Busch, Ehrlich talk slots

no progress

Miller urges compromise between competing bills

April 09, 2005|By David Nitkin | David Nitkin,SUN STAFF

In a final push to legalize slot machine gambling before the General Assembly adjourns at midnight Monday, Gov. Robert L. Ehrlich Jr. met privately yesterday with his chief opponent on the issue, House Speaker Michael E. Busch. But neither side announced progress.

A few hours earlier, Senate President Thomas V. Mike Miller had stepped up his lobbying, pleading with a House committee to resolve discrepancies between versions of slots bills that each chamber passed earlier this year.

"Take the best elements of both bills, and fashion a compromise that works," Miller asked the House Ways and Means Committee, which held a hearing yesterday -- three days before the end of the session -- on the slots plan passed by the Senate in February.

"Find a way to make a bill happen for the schoolchildren of the state. Not the politicians. Not the [track] operators," Miller said.

House leaders continue to insist that they would lose votes if they changed any element of the slots bill adopted last month by the slimmest possible majority. It would authorize 9,500 machines in Anne Arundel, Harford, Frederick and Allegany counties.

Still, Ehrlich and Miller say a solution could be reached. Ehrlich held a closed-door meeting with the speaker late yesterday to discuss the legislation and whether a final agreement is possible.

"The speaker and I have agreed to make no comment in regard to our discussions, so we'll talk to you later," Ehrlich said after he left.

Busch said last night he told the governor he was not optimistic that a slots bill could pass the House again this year, because some members now are absent with illnesses. He said the issue was not a high priority in the final days.

"I said it takes a lot of work and a lot of preparation, and I didn't think we could go in that direction," Busch said. "There will be people bringing it up and talking about it, but I said I thought it would be very difficult to re-create that vote."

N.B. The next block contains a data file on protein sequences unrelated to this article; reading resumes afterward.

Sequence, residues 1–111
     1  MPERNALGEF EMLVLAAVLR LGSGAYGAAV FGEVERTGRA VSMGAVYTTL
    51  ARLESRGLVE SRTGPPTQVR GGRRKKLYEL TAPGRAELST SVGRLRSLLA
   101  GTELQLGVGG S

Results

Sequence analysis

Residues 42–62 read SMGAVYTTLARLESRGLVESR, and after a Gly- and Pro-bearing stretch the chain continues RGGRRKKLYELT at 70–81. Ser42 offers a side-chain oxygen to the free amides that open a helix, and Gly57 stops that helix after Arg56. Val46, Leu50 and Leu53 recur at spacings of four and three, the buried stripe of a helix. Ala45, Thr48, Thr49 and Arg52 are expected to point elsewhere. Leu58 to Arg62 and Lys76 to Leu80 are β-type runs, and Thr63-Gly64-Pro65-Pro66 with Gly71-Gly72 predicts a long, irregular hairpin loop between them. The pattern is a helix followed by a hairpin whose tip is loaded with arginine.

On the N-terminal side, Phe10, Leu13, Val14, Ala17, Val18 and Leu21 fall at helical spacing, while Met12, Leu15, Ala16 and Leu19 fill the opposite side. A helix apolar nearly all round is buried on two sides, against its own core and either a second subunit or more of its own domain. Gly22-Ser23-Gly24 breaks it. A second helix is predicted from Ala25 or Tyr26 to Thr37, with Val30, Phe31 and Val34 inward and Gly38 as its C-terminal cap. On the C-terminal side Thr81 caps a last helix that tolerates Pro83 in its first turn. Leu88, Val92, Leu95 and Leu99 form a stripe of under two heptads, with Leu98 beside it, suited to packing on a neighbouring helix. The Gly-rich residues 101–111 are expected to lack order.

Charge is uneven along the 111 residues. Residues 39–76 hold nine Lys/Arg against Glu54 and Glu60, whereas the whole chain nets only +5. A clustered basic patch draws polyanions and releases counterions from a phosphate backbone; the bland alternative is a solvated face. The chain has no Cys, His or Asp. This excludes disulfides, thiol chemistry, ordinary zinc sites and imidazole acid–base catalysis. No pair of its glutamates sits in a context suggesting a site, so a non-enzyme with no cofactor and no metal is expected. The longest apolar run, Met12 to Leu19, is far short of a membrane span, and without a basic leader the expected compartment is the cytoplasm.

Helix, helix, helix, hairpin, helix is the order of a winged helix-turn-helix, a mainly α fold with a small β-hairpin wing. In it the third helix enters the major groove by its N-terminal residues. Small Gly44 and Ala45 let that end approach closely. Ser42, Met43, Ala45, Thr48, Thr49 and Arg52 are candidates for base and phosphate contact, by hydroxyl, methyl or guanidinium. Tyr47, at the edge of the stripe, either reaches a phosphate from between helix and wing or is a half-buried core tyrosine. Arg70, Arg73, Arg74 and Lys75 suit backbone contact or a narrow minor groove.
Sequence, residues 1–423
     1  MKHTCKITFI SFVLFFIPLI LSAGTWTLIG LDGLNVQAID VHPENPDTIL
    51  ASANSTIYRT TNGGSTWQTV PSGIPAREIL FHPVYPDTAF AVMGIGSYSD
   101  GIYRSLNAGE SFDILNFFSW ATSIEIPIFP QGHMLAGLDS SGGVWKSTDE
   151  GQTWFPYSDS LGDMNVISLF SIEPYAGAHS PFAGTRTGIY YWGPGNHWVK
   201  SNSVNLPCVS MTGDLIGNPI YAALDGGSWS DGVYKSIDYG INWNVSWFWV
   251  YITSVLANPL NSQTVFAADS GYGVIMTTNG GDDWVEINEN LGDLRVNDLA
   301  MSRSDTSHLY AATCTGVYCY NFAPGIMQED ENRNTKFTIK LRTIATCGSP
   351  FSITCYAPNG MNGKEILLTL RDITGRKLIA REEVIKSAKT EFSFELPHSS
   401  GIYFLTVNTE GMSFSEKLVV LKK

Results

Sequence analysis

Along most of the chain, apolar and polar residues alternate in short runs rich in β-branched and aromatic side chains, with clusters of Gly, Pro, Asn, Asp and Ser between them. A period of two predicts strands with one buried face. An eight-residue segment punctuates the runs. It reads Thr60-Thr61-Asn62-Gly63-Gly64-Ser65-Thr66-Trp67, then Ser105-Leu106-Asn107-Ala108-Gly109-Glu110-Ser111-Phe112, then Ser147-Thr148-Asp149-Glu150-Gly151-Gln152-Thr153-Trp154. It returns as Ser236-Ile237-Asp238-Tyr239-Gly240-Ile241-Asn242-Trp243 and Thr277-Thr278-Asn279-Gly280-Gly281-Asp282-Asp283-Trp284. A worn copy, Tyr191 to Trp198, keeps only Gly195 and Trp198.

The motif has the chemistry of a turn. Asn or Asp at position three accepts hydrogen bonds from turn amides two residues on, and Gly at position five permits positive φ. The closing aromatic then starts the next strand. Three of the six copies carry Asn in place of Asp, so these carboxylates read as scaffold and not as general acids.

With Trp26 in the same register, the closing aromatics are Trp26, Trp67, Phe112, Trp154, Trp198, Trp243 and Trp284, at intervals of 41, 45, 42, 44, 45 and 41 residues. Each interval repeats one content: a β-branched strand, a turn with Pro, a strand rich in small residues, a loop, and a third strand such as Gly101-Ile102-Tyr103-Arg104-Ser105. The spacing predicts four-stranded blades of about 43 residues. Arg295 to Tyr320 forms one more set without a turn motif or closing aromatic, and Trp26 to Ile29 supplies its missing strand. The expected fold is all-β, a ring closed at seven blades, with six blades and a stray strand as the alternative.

At yesterday's Ways and Means hearing, Ehrlich administration budget secretary James C. "Chip" DiPaula Jr. said a slots plan was needed to pay for important components of the educational funding initiative known as the Thornton plan.

The governor wants to use slots proceeds, he said, to give more money to jurisdictions such as Baltimore, where the cost of hiring and retaining teachers is higher.

"We wish that you would work one more time over this weekend, to craft a compromise," DiPaula said.

Miller told the committee that differences between the two plans could be split. The House bill gives 30 percent of slots proceeds to operators; the Senate plan would give 36 percent to track owners. Make it 33 percent, Miller said. The House approved 9,500 machines at four locations; the Senate has 15,500 at seven locations. Make it 11,500 machines, Miller said.

Paul E. Schurick, the governor's communications director, said the governor was willing to compromise on any component of the slots bill, save one: no slots near Ocean City.

"Anything else is open to negotiations. Anything at all," he said.

But, he said, "at this point, there is no reason to think the House is going to move."

House leaders concurred.

Still, some work got under way yesterday. Del. Clarence Davis, a Baltimore Democrat and head of a subcommittee that handles gambling issues, said: "I do have permission to begin to work on it."

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